Maybe that teacher deserves more respect

I was sitting in the Sweet Home High School graduation last Friday, enjoying a seat that someone had graciously offered me, when the thought occurred to me that, while I appreciated the sight of 160 young people finishing their high school education, I also appreciated the teachers present.

I used to teach school (college) myself and I have empathy for hard-working teachers who really lay it on the line for their students.

But I confess I’ve also gotten frustrated when I don’t see kids being taught what I think they should know. For instance, I see schoolwork sometimes coming back with too many spelling errors and really poor grammar. (I know, I know. I’m well aware that way too many typos sneak into this newspaper in the break-neck conditions we sometimes produce it in.) But it bothers me when teachers don’t teach kids to do it right. It really bothers me when I realize that the teacher may not even know what is right.

Now, I know from first-hand experience that teachers are human. Believe me, I know. I was one.

And this is not a diatribe on the failures of teachers. What I really want to talk about is how tough it can be to teach.

Last week I read reports about a veteran teacher in Oakridge who was put on leave after she taped a very uncooperative third-grade boy to his chair. She used masking tape and, according to fellow students quoted in a newspaper report, it was done with a certain amount of light-heartedness – at least for the other students. The 9-year-old boy didn’t appreciate it and reported it to his parents, who also didn’t appreciate it. They yanked him out of school and complained. Eventually, after an investigation by the school district, she was reinstated – but disciplined.

This situation illustrates one of the problems facing teachers today. It’s actually generations old, dating back to the 1960s when we Americans suddenly decided that nobody could tell us what to do any more. This mentality, which was taking root when I was in grade school, has matured to the point that the old-fashioned corporal punishment meted out when I was a kid in school is strictly verboten. In fact, it’s unimaginable in today’s classroom. And it makes it tough to teach.

This mentality has led to the reality of classrooms with too many kids who often have been held to too little accountability for their actions at home, and then must be taught basic behavior skills by a teacher who has little means of enforcement in what inevitably must be a battle of wills.

The Positive Behavior System used by local schools is, I’m told by teachers who know, is about as effective as any they have seen. That’s partly because everyone in the school, from the principal’s office to the janitor’s closet, follows the same principles and enforces them.

Last week we wrote our annual editorial to the graduating seniors, encouraging them to follow those PBS principles: respect, safety and responsibility. It’s not always easy.

It was interesting to witness what happened on Friday morning, two days after the paper came out. Many of the graduating seniors (and some angry parents) complained vociferously about having to hold graduation in the Main Gym, instead of in Husky Stadium, due to what school officials feared were worsening weather conditions.

Officials explained that the weather forecast early on June 6 called for a possible wind-chill factor in the low 40s by evening which, were it to be mixed with rain for two hours, could produce some very nasty conditions.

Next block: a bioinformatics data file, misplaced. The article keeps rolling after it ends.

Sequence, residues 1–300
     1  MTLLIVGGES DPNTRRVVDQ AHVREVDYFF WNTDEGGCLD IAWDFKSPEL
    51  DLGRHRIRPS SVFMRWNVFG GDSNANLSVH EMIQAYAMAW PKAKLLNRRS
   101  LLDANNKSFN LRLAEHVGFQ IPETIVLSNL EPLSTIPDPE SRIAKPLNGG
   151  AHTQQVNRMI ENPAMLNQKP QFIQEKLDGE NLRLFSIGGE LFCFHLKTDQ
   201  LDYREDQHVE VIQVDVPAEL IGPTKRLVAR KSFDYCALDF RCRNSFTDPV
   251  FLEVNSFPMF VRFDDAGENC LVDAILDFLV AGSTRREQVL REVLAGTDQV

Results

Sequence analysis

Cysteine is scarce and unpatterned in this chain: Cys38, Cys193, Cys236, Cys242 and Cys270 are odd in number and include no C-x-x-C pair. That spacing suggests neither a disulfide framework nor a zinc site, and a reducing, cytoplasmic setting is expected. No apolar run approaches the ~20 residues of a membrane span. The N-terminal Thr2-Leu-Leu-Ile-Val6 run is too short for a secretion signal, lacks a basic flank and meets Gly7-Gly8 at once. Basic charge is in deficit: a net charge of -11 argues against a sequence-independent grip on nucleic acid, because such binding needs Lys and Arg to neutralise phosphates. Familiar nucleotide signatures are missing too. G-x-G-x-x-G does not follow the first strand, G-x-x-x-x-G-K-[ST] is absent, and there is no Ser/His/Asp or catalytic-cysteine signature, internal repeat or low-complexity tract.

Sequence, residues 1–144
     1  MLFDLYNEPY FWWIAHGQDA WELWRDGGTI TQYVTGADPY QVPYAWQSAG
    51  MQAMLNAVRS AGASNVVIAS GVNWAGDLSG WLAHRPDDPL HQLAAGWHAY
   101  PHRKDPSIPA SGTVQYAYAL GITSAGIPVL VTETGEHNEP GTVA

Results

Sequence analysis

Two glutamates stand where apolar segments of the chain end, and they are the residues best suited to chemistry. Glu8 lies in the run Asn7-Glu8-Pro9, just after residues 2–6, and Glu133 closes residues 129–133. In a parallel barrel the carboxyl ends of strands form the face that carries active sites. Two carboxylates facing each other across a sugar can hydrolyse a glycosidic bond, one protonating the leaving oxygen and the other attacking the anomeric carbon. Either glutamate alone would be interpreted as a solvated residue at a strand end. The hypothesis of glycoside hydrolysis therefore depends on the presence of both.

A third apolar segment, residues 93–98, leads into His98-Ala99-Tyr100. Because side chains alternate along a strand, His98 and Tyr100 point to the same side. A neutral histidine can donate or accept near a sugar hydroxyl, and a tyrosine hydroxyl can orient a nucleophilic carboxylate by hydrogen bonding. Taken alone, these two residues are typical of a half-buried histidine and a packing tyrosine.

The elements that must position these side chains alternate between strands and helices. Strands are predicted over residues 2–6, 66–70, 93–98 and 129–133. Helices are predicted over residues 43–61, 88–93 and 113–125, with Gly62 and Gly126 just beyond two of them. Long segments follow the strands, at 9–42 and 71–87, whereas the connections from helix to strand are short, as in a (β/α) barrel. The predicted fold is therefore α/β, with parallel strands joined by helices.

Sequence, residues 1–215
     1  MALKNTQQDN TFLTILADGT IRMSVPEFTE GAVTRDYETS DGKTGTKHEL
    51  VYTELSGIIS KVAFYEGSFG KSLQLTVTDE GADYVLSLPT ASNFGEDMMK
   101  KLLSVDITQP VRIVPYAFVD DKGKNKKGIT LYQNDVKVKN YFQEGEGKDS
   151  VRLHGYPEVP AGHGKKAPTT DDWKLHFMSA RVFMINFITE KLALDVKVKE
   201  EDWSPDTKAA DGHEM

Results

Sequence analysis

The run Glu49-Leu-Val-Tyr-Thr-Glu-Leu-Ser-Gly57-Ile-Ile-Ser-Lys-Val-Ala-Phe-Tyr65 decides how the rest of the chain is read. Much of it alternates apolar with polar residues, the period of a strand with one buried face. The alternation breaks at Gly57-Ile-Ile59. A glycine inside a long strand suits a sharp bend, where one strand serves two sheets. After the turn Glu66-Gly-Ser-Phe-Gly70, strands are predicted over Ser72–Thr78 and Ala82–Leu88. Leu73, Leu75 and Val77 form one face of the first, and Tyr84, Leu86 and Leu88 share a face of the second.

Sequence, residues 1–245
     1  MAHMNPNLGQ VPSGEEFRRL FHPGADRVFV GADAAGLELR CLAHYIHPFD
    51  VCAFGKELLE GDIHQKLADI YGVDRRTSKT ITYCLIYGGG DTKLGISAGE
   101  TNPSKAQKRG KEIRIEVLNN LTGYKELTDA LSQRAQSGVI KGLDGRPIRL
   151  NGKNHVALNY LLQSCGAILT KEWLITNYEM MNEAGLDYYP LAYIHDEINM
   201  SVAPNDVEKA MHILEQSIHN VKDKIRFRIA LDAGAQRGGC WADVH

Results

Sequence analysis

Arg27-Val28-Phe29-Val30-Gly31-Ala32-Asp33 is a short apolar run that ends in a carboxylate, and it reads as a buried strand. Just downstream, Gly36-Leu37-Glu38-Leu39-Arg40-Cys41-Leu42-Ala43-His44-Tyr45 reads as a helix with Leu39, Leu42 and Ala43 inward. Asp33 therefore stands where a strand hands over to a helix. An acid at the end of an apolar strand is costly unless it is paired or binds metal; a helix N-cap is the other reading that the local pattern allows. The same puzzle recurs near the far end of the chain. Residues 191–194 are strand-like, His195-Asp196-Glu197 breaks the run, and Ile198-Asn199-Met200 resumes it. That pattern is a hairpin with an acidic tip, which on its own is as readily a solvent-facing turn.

The students’ concern was understandable. They were afraid the gym wouldn’t hold all their friends and family who were planning to attend, some from afar.

But with thousands of dollars of equipment at risk, not to mention the health of graduation attendees and participants who might find themselves sitting in a nasty downpour with the wind blowing, the call had to be made early. Aand teacher Rob Younger, who has organized graduations for the last 25-plus years – longer than any of these students have been alive – made the tough call to move graduation indoors.

Having stood on the Husky Stadium sideline with the wind driving rain sideways under my umbrella, I was sympathetic. If they’d put the graduates under tents, that would have not guaranteed their comfort and would simply have impaired the view of the shivering spectators in the stands.

Well, as we know now, everybody did fit. The ceremony was really quite nice. I, for one, enjoyed it. And actually, I thought it was easier to see more of what was going on in there than it is in the football stadium, especially with tents up as there were a couple of years ago – in the rain.

The gym did not get hot. It didn’t stink, at least not where I was sitting.

I didn’t bother checking the wrestling room Friday night because I was told no one was in there to watch the video feed. All the attendees got seats in the big house.

Not to overdo the preaching, but isn’t the situation last Friday exactly what PBS is about? We had a situation that involved safety (health-wise, anyway), responsibility (on the part of Younger and others who had to make the decision about what would make the best of a bad situation) and respect (the ability of the graduates and the rest of us to accept that decision).

The point is, it’s easy to get mad, particularly at teachers.

A lot of them are a little stodgy (like me) and in a room full of edgy, quick-thinking, bored, imaginative kids, they don’t always come off looking like Superman or Wonder Woman.

But they still deserve respect, if nothing else than for the fact that they’re willing to put out for our kids, some of them with much effort.

In this case, I say Rob Younger did the right thing. It may not have been absolutely perfect, but that’s how life works sometimes, kids.

The man deserves some respect.